Most assisted suicide promoters know that there will be deadly consequences from their advocacy–I mean beyond the suicides they support, and it doesn’t matter. They want what they want and don’t care who gets hurt.

The rest of us should care, but increasingly, we don’t. Why? As I wrote above, we are quickly becoming a pro-suicide culture.

Reprinted with permission from the National Review Online.

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Why would it matter how many abortions there were, if it were just another operation, akin to wisdom teeth removal or a tonsillectomy? The answer, of course, is: it's not just another operation. Shutterstock
Sarah Terzo

Pro-abortion writer: There should be more abortions

Sarah Terzo
By Sarah Terzo

(LiveActionNews) - How many times have you heard a pro-abortion person say that abortion should be rare? The oft-repeated words, notably spoken by pro-abortion president, Bill Clinton, are “safe, legal, and rare.”

Pro-abortion advocates often say this because it makes them look like moderates. But they are also acknowledging that they, like most people, feel uncomfortable about abortion. They may say that abortion should only be a last resort for women, but the policies they support, namely, abortion without any restrictions, actually encourage abortions to be more common.

One response to the “safe, legal, rare” mantra is to ask the pro-choicer why they feel abortion should be rare. They are tacitly admitting that they know abortion is a bad thing (or why should it be rare?), but why is it a bad thing?  If abortion is only the removal of some tissue or cells, why would it be a bad thing? It shouldn’t matter if there were 1,000, 4,000, 10,000, or 50,000 abortions a day.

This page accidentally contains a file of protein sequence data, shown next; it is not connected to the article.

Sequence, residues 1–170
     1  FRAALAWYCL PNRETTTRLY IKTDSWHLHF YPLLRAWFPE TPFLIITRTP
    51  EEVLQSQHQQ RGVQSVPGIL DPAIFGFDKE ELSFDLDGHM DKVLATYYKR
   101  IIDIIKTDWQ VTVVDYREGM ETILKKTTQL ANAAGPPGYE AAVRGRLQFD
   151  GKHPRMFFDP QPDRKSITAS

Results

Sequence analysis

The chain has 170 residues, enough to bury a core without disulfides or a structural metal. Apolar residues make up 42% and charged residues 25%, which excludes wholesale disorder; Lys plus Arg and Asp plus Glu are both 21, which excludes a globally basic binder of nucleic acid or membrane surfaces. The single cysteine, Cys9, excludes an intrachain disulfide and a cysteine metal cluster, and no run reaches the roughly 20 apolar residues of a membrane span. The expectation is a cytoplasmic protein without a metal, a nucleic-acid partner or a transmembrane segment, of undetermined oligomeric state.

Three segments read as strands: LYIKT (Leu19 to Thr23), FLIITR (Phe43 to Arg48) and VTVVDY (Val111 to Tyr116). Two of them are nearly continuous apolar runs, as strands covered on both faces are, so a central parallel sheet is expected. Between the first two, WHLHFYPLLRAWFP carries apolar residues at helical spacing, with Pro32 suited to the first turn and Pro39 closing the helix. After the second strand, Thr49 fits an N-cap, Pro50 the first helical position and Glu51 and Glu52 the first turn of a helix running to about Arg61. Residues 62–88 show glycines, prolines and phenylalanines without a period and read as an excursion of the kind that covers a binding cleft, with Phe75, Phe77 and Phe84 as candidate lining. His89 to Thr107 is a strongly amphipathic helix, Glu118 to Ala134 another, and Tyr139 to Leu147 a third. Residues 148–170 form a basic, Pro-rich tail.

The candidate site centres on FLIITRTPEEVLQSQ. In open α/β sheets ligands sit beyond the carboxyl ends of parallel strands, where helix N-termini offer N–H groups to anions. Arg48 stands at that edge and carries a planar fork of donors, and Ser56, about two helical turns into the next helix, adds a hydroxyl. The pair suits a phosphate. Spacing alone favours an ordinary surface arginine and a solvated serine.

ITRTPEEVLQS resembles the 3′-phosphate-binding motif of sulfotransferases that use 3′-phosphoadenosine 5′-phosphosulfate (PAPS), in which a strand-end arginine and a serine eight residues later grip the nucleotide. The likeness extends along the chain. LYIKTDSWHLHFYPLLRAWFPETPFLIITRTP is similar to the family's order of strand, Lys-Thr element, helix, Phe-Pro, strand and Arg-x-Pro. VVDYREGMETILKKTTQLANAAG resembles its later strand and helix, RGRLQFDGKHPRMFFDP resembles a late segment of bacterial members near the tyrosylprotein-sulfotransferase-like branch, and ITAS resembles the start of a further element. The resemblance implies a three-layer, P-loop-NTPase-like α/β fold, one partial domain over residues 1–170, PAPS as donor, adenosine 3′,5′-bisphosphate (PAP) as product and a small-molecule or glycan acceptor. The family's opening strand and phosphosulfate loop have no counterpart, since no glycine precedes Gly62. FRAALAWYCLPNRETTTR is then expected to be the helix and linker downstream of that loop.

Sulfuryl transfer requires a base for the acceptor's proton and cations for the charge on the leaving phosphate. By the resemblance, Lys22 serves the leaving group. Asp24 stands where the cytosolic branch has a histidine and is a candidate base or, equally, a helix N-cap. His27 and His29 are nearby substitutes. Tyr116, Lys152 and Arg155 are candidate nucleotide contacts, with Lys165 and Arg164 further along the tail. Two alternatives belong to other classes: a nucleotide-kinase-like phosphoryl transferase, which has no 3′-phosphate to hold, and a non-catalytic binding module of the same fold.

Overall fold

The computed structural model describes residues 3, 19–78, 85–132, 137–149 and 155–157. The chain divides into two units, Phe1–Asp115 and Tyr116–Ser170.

Why would it matter if it were just another operation, akin to wisdom teeth removal or a tonsillectomy? In response to this question, the pro-abortion advocate may be forced to admit that abortion is a bad thing that should be rare because it kills babies.

Claiming that abortion should be rare allows pro-choicers to appeal to those who are ambivalent, or on the fence about abortion. Many pro-abortion writers, activists and politicians have clung to the “abortion should be rare” rhetoric.

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But not RH Reality Check’s Aimée Thorne-Thomsen. In a 2010 article that I recently stumbled across, Thorne–Thomsen describes how, instead of there being too many abortions, there are too few.

…if those 1.21 million abortions [performed every year] represent only the women who could access abortion financially, geographically or otherwise, then that number is too low. Yes, too low. If that’s the case, then what is an appropriate response? How do we best support women and their reproductive health? Do we dare admit that increasing the number of abortions might be not only good for women’s health, but also moral and just?…. We say we care about women and want them to have access to all the information, services and resources necessary to make the best decisions they can for themselves and their families. That is at the core of reproductive justice. Not reducing the number of abortions. Safe – yes. Legal– absolutely. Rare – not the point.